“The relationship that the nurse develops with the claimant is very important,” added Christine Curtis, a manager of medical services in the workers’ compensation division of New Cumberland, Pa.-based School Claims Services.

“It’s also great for fraud detection. During a visit the nurse can see symptoms that don’t necessarily match actions, and oftentimes claimants will tell nurses things they shouldn’t if they want their claim to be accepted,” Curtis said.

For these reasons and others, Curtis said that she uses onsite nursing.

Roundtable participant Susan LaBar, a Yardley, Pa.-based risk manager for transportation company Coach USA, said when she first started her job there, she insisted that nurses be placed on all lost-time cases. But that didn’t happen until she convinced management that it would work.

“We did it and the indemnity dollars went down and it more than paid for the nurses,” she said. “That became our model. You have to prove that it works and that takes time, but it does come out at the end of the day,” she said.

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The ultimate outcome

Reducing costs is reason enough for implementing nurse case management, but many say safe return-to-work is the ultimate measure of a good outcome. An aging, heavier worker population plagued by diabetes, hypertension, and orthopedic problems and, in many cases, painkiller abuse is changing the very definition of safe return-to-work.

Roundtable members were unanimous in their belief that offering even the most undemanding forms of modified duty is preferable to having workers at home for extended periods of time.

“Return-to-work is the only way to control the workers’ comp cost. It’s the only way,” said Coach USA’s Susan LaBar.

Unhealthy households, family cultures in which workers’ compensation fraud can be a way of life and physical and mental atrophy are just some of the pitfalls that modified duty and return-to-work in general can help stave off.

“I take employees back in any capacity. So long as they can stand or sit or do something,” Ritz said. “The longer you’re sitting at home, the longer you’re disconnected. The next thing you know you’re isolated and angry with your employer.”

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“Return-to-work is the only way to control the workers’ comp cost. It’s the only way,” said Coach USA’s Susan LaBar.

Whose story is it?

Managing return-to-work and nurse supervision of workers’ compensation cases also play important roles in controlling communication around the case. Return-to-work and modified duty can more quickly break that negative communication chain, roundtable participants said.

There was some disagreement among participants in the area of fraud. Some felt that workers’ compensation fraud is not as prevalent as commonly believed.

On the other hand, Coach USA’s Susan LaBar said that many cases start out with a legitimate injury but become fraudulent through extension.

“I’m talking about a process where claimants drag out the claim, treatment continues and they never come back to work,” she said.

 

Social media, as in all aspects of insurance fraud, is also playing an important role. Roundtable participants said Facebook is the first place they visit when they get a claim. Unbridled posts of personal information have become a rich library for case managers looking for indications of fraud.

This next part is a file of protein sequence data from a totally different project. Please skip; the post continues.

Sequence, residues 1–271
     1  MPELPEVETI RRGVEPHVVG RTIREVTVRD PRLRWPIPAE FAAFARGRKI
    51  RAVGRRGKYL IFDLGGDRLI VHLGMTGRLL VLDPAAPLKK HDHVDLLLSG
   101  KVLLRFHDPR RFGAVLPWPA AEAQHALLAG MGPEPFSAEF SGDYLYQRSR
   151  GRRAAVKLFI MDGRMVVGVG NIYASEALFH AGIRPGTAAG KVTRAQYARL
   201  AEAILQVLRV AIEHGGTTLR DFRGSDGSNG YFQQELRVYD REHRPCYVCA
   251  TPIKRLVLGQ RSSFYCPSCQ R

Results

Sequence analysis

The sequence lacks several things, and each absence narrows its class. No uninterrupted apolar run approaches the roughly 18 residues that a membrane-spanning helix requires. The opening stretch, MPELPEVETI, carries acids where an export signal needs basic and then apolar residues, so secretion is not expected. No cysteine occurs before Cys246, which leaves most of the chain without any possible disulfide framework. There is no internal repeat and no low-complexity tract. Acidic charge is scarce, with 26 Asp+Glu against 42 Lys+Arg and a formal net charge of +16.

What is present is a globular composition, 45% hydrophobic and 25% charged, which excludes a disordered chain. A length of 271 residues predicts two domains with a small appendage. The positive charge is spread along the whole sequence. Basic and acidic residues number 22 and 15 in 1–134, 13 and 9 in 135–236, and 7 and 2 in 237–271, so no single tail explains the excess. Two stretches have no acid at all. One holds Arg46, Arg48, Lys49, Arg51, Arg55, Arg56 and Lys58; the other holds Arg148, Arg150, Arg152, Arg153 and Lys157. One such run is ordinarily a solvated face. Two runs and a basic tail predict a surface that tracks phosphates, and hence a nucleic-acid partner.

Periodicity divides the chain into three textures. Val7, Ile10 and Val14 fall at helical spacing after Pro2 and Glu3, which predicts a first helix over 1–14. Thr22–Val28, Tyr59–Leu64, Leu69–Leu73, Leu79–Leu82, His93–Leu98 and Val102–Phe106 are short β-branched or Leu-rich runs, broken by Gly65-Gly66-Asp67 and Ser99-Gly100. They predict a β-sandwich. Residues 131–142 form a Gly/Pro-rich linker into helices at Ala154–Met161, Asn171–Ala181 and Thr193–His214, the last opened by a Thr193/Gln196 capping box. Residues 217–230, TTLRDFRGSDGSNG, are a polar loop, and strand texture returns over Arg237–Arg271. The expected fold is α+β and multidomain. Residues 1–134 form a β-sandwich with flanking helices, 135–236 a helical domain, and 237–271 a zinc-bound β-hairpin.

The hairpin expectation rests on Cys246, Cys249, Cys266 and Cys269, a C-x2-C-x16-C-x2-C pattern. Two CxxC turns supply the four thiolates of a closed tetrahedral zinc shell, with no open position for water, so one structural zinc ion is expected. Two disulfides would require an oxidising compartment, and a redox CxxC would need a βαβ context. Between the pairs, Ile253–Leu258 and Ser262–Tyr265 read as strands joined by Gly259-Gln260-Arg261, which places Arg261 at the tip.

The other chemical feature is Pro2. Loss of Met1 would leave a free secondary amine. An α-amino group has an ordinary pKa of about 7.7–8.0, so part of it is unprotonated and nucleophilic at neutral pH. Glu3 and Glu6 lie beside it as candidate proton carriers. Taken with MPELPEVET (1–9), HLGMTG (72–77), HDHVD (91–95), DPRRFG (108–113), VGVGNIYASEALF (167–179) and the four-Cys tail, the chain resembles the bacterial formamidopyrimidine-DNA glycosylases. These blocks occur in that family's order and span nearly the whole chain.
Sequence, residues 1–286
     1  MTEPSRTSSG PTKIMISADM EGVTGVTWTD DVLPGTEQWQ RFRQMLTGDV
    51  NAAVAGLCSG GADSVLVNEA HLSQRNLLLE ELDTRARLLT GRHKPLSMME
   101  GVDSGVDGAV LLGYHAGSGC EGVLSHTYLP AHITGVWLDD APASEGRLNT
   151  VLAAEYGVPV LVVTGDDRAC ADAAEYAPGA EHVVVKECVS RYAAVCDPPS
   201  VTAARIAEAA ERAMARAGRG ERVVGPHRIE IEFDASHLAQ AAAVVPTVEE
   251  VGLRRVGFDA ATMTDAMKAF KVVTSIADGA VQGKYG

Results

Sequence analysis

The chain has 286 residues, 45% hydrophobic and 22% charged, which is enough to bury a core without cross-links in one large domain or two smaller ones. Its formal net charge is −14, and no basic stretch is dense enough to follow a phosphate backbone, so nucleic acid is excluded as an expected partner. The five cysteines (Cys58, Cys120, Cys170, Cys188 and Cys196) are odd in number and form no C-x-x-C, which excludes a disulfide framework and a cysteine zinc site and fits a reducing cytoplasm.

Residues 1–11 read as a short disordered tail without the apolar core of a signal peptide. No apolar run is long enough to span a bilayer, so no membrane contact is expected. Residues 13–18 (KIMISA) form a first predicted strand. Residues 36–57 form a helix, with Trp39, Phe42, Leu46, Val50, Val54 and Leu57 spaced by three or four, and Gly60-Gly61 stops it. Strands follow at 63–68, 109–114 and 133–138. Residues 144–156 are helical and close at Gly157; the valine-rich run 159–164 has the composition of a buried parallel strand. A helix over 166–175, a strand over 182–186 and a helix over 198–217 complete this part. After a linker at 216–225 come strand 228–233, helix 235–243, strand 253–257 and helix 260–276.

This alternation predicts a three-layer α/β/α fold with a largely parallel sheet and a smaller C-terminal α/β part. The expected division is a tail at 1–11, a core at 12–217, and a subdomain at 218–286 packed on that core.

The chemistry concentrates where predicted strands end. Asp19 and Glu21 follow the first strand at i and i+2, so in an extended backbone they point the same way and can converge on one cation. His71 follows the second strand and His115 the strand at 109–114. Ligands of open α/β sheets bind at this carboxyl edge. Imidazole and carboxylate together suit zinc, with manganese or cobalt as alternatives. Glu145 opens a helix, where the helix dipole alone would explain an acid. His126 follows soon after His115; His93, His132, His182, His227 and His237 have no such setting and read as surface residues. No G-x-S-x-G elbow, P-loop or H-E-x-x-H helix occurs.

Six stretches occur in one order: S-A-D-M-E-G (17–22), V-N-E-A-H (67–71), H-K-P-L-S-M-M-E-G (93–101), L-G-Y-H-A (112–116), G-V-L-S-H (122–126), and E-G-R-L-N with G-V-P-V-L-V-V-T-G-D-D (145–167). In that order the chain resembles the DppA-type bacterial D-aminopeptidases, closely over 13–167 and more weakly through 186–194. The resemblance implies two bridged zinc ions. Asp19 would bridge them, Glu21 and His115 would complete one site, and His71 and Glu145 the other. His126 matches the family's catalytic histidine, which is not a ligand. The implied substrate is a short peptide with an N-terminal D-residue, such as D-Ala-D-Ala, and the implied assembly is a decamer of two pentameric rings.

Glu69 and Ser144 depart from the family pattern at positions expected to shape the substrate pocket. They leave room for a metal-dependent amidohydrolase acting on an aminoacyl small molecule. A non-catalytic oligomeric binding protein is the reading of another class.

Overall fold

“What you can assess from somebody’s home environment, their motivation, their attitude, their desire to get well or not get well is easy to do when you are looking at somebody and sitting in their home,” said participant Barb Ritz.

As daunting as co-morbidities have become, roundtable participants said that data has become a useful tool. Information about tobacco use, weight, diabetes and other complicating factors is now being used by physicians and managed care vendors to educate patients and better manage treatment.

“Education is important after an injury occurs,” said Rich Leonardo, chief sales officer for Healthcare Solutions, who also sat in on the roundtable. “The nurse is not always delivering news the patient wants to hear, so providing education on how the process is going to work is helpful.”

“We’re trying to get people to ‘Know your number’, such as to know what your blood pressure and glucose levels are,” said SCS’s Christine Curtis. “If you have somebody who’s diabetic, hypertensive and overweight, that nurse can talk directly to the injured worker and say, ‘Look, I know this is a sensitive issue, but we want you to get better and we’ll work with you because improving your overall health is important to helping you recover.”

The costs of co-morbidities are pushing case managers to be more frank in patient dialogue. Information about smoking cessation programs and weight loss approaches is now more freely offered.

Managing constant change

Anyone responsible for workers’ compensation knows that medical costs have been rising for years. But medical cost is not the only factor in the case management equation that is in motion.

The pendulum swing between technology and the human touch in treating injured workers is ever in flux. Even within a single program, the decision on when it is best to apply nurse case management varies.

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“It used to be that every claim went to a nurse and now the industry is more selective,” said Bunch CareSolutions’ Jean Chambers. “However, you have to be careful because sometimes it’s the ones that seem to be a simple injury that can end up being a million dollar claim.”

“Predictive analytics can be used to help organizations flag claims for case management, but the human element will never be replaced,” Leonardo concluded.

This article was produced by Healthcare Solutions and not the Risk & Insurance® editorial team.


Healthcare Solutions serves as a health services company delivering integrated solutions to the property and casualty markets, specializing in workers’ compensation and auto liability/PIP.